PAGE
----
Sustainable supply chain management and partner engagement to manage climate change information

Frederik Dahlmann, Jens Roehrich

Research output: Contribution to journalArticle

Abstract

Climate change poses significant new risks and challenges for businesses and their supply chains. Additionally, in many sectors, Scope 3 indirect greenhouse gas emissions resulting from the sourcing and distribution of goods and services are larger than firms' own carbon footprints. Here we study how firms engage their key stakeholders in their supply chains in obtaining, processing, and transferring relevant climate change‐related information designed to overcome information asymmetry and drive sustainable development. Grounded in organisational information‐processing theory (OIPT), we draw on data from the Carbon Disclosure Project's Climate Change Supply Chain initiative for a qualitative content analysis of a large sample of global firms. Consistent with OIPT, we find that although firms primarily engage their supply chain partners in a variety of ways to reduce information uncertainty around indirect emissions data, effectively interpreting and managing broader sustainability information equivocality becomes a growing priority. Our findings further suggest that firms engage suppliers, customers, and other supply chain partners through basic, transactional, and collaborative types of engagement. We contribute to literatures on interorganisational information processing and sustainable supply chain management by providing a more detailed understanding of how firms engage supply chain partners in the context of climate change.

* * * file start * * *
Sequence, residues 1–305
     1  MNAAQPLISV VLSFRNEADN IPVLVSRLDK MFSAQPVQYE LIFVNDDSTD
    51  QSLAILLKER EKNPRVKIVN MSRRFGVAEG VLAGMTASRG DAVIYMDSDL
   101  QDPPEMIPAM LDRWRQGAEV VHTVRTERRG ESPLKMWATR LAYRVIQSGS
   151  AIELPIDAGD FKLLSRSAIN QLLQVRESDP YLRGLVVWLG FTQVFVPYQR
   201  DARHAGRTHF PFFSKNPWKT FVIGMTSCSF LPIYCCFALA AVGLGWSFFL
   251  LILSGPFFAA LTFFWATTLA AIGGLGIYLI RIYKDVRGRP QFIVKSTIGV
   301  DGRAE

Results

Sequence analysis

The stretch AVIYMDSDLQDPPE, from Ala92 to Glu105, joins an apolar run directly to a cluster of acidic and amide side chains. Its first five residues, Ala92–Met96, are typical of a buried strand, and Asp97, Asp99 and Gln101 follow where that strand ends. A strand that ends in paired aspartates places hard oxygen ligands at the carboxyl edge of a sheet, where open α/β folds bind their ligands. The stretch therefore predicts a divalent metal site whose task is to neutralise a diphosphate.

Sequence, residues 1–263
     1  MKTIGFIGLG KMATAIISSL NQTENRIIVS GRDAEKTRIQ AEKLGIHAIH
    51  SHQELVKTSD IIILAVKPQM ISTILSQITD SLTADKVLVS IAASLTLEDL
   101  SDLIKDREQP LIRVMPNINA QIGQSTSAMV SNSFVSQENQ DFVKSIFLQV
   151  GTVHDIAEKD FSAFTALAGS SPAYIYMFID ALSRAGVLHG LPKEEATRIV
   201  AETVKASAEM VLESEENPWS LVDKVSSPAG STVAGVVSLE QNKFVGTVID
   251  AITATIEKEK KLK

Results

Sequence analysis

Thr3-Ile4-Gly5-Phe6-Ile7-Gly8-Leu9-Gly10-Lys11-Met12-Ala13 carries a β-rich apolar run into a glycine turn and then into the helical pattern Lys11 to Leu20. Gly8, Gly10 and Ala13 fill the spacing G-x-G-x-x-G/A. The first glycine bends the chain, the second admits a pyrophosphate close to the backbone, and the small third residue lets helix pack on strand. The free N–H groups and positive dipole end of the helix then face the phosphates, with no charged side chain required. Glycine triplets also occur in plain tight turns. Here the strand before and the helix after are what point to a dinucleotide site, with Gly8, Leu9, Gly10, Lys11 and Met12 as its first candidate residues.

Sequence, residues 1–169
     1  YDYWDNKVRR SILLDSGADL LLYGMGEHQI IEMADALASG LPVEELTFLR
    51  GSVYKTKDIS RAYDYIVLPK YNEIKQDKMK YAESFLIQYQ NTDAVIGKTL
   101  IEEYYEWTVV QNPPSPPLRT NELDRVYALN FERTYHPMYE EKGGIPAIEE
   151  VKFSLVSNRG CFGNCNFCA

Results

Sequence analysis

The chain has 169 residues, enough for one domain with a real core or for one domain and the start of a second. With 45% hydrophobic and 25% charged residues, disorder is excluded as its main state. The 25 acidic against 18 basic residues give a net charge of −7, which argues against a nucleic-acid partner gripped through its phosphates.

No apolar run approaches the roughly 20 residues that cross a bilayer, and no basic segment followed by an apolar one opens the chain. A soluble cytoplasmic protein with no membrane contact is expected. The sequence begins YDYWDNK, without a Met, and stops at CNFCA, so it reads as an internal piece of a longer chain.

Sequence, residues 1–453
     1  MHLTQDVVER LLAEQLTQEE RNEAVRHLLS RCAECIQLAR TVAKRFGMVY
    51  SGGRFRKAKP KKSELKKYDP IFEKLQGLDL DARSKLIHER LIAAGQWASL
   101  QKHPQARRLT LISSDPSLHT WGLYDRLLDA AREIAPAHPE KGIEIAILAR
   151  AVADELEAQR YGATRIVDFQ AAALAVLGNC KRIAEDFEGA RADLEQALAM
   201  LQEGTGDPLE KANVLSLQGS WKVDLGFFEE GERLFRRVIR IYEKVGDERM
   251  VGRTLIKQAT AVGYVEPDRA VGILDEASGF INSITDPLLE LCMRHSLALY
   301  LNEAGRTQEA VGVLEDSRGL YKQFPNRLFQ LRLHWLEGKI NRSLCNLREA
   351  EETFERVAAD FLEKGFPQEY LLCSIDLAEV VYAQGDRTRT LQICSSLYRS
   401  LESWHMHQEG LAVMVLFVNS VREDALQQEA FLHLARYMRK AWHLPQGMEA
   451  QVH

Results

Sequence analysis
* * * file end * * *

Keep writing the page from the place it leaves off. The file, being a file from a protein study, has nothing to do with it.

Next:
Original languageEnglish
JournalBusiness Strategy and the Environment
Early online date18 Oct 2019
DOIs
Publication statusE-pub ahead of print - 18 Oct 2019

Keywords

  • Carbon Disclosure Project
  • climate change
  • information asymmetry
  • organisational information-processing theory
  • stakeholder engagement
  • sustainable development
  • sustainable supply chain management

ASJC Scopus subject areas

  • Business and International Management
  • Geography, Planning and Development
  • Strategy and Management
  • Management, Monitoring, Policy and Law

Cite this

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abstract = "Climate change poses significant new risks and challenges for businesses and their supply chains. Additionally, in many sectors, Scope 3 indirect greenhouse gas emissions resulting from the sourcing and distribution of goods and services are larger than firms' own carbon footprints. Here we study how firms engage their key stakeholders in their supply chains in obtaining, processing, and transferring relevant climate change‐related information designed to overcome information asymmetry and drive sustainable development. Grounded in organisational information‐processing theory (OIPT), we draw on data from the Carbon Disclosure Project's Climate Change Supply Chain initiative for a qualitative content analysis of a large sample of global firms. Consistent with OIPT, we find that although firms primarily engage their supply chain partners in a variety of ways to reduce information uncertainty around indirect emissions data, effectively interpreting and managing broader sustainability information equivocality becomes a growing priority. Our findings further suggest that firms engage suppliers, customers, and other supply chain partners through basic, transactional, and collaborative types of engagement. We contribute to literatures on interorganisational information processing and sustainable supply chain management by providing a more detailed understanding of how firms engage supply chain partners in the context of climate change.",
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